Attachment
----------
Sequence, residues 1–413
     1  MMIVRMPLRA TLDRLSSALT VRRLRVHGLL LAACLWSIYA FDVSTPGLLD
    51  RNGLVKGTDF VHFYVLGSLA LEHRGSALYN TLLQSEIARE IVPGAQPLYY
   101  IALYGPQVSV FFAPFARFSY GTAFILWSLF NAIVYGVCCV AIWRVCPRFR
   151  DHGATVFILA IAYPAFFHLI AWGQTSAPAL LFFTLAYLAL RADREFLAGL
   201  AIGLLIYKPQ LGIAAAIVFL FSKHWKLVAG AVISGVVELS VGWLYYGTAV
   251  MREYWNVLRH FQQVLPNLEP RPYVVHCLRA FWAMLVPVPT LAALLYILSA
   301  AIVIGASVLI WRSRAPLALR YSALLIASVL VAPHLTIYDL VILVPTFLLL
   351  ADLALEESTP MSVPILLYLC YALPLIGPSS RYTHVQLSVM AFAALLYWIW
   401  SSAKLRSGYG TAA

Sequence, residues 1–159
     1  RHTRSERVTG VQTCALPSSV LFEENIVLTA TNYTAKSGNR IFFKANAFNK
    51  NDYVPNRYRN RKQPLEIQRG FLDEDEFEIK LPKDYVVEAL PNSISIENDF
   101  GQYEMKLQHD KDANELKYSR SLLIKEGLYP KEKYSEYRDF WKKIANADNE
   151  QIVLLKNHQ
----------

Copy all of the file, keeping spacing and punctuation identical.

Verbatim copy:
Sequence, residues 1–413
     1  MMIVRMPLRA TLDRLSSALT VRRLRVHGLL LAACLWSIYA FDVSTPGLLD
    51  RNGLVKGTDF VHFYVLGSLA LEHRGSALYN TLLQSEIARE IVPGAQPLYY
   101  IALYGPQVSV FFAPFARFSY GTAFILWSLF NAIVYGVCCV AIWRVCPRFR
   151  DHGATVFILA IAYPAFFHLI AWGQTSAPAL LFFTLAYLAL RADREFLAGL
   201  AIGLLIYKPQ LGIAAAIVFL FSKHWKLVAG AVISGVVELS VGWLYYGTAV
   251  MREYWNVLRH FQQVLPNLEP RPYVVHCLRA FWAMLVPVPT LAALLYILSA
   301  AIVIGASVLI WRSRAPLALR YSALLIASVL VAPHLTIYDL VILVPTFLLL
   351  ADLALEESTP MSVPILLYLC YALPLIGPSS RYTHVQLSVM AFAALLYWIW
   401  SSAKLRSGYG TAA

Sequence, residues 1–159
     1  RHTRSERVTG VQTCALPSSV LFEENIVLTA TNYTAKSGNR IFFKANAFNK
    51  NDYVPNRYRN RKQPLEIQRG FLDEDEFEIK LPKDYVVEAL PNSISIENDF
   101  GQYEMKLQHD KDANELKYSR SLLIKEGLYP KEKYSEYRDF WKKIANADNE
   151  QIVLLKNHQ